By Kelly Sadler -
The United States is a free trade country, but many of our trading partners are not. For an example, let’s take the case of the car:
- If a foreign producer wants to sell a car into the United States, they’re charged a 2.5% tariff.
- BUT, if an American company wants to sell a car into the EU, they’re charged a 10% tariff – and that’s before the VAT.
- AND, if an American company wants to sell a car into China, they’re charged a 25% tariff.
This is NOT an isolated case. U.S. manufacturers face unfair tariffs across the world. Take for example the following industries, where U.S. tariff rates are at 0% or are lower than other countries:
- Motorcycles: US (0%), China (42.1%), EU (6.57%)
- Fruit juices: US (0%), China (19%), EU (18.3%)
- Monitors: US (2.1%), China (24.5%), EU (14%)
- Ski boots: US (0%), China (24%), EU (17%)
- Bananas: US (0%), China (10%), EU (16%)
- Neck ties: US (7.5%), China (14%), EU (10%)
- Ball bearings: US (5.7%), China (8%), EU (8%)
- Grapes: US (0%), China (11.5%), EU (8.4%)
The U.S. is not operating in a true free-market – the President opposes trade agreements that help foreign producers at the expense of American producers and the workers they employ:
- Other members of the G-20 generally face lower levels of tariffs compared to those they impose, on a simple average basis.
- The US is particularly disadvantaged on our agricultural exports, with an 11.6 percent difference between the tariffs we charge versus what we face.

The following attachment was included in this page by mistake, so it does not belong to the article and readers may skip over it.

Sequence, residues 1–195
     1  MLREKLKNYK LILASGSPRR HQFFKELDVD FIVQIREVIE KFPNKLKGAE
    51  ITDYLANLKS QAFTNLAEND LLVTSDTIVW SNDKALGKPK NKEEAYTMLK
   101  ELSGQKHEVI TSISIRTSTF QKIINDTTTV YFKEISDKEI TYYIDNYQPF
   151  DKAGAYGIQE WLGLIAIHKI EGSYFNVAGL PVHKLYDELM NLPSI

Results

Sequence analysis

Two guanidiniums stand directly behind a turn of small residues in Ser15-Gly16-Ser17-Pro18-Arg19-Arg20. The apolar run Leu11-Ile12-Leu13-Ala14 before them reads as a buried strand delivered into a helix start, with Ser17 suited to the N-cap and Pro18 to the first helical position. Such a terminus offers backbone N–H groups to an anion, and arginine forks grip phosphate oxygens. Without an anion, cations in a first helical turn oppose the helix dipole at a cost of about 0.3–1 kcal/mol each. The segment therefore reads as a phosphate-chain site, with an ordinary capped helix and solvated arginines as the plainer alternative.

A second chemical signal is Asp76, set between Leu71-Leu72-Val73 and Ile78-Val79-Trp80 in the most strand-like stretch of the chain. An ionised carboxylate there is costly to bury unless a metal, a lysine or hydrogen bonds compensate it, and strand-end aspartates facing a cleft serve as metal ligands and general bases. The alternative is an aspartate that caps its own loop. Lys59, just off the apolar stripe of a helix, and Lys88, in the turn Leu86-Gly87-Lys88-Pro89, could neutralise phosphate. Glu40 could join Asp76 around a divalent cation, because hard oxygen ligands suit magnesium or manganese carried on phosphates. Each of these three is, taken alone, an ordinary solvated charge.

- If we look at the same products for the G20 countries, they have a negative 4.8 percent difference on agriculture products – meaning they impose more tariffs on imports than what their exporters face.
As a result, the U.S. trade deficit jumped to more than a 9-year high in January:
- Today, the Commerce Department said that the trade gap jumped 5 percent to $56.6 billion, the highest level since 2008.
- The shortfall with China widened sharply – to $36 billion – the highest since Sept. 2015.
- The deficit with Canada was the highest in three years.
Consistent with the National Security Strategy President Trump announced in December 2017, the President’s Trade Policy Agenda recognizes that economic prosperity at home is necessary for American power and influence abroad.
Every President in the modern age has recognized this trade issue and has tried to fix it.
President Trump is a great negotiator, and he knows that to restore fairness to this system, he has to show our trading partners that he’s serious.
In January, the USTR issued tariffs against the solar and washer industry and the action sparked no trade war – only more investment in the U.S.
- After an investigation into the washer industry was initiated, both Samsung and LG announced plans to build large factories in Newbery, South Carolina and Clarksville, Tennessee.
- After the tariffs were announced, Whirlpool said it would add 200 jobs at their Clyde, Ohio plant.
Already, we’re beginning to see this trend play out in the steel and aluminum industry:
- Today, it was announced a new aluminum smelter will open in New Madrid County, Missouri, at the site of the former Noranda Aluminum plant.
- U.S. Steel CEO David Burritt said on CNBC this morning: “We will be calling back 500 employees. This feels like the beginning of a renaissance for us. We’re finally doing the right thing for American workers after decades, decades of unfairly traded steel into the United States. So we’re really happy and delighted to share with everybody that we’re back on track after so many years.”
- Zekelman Industries announced they intend to give $1,000 bonuses to their 2,300 employees as a result of the steel action.
- Century Aluminum said the tariffs would guarantee it enough business that the company would go ahead with a $100m investment in a Kentucky plant that is now operating at 40 percent of its capacity, and to rehire just under 300 workers.
Director of Surrogate & Coalitions Outreach
Office of Communications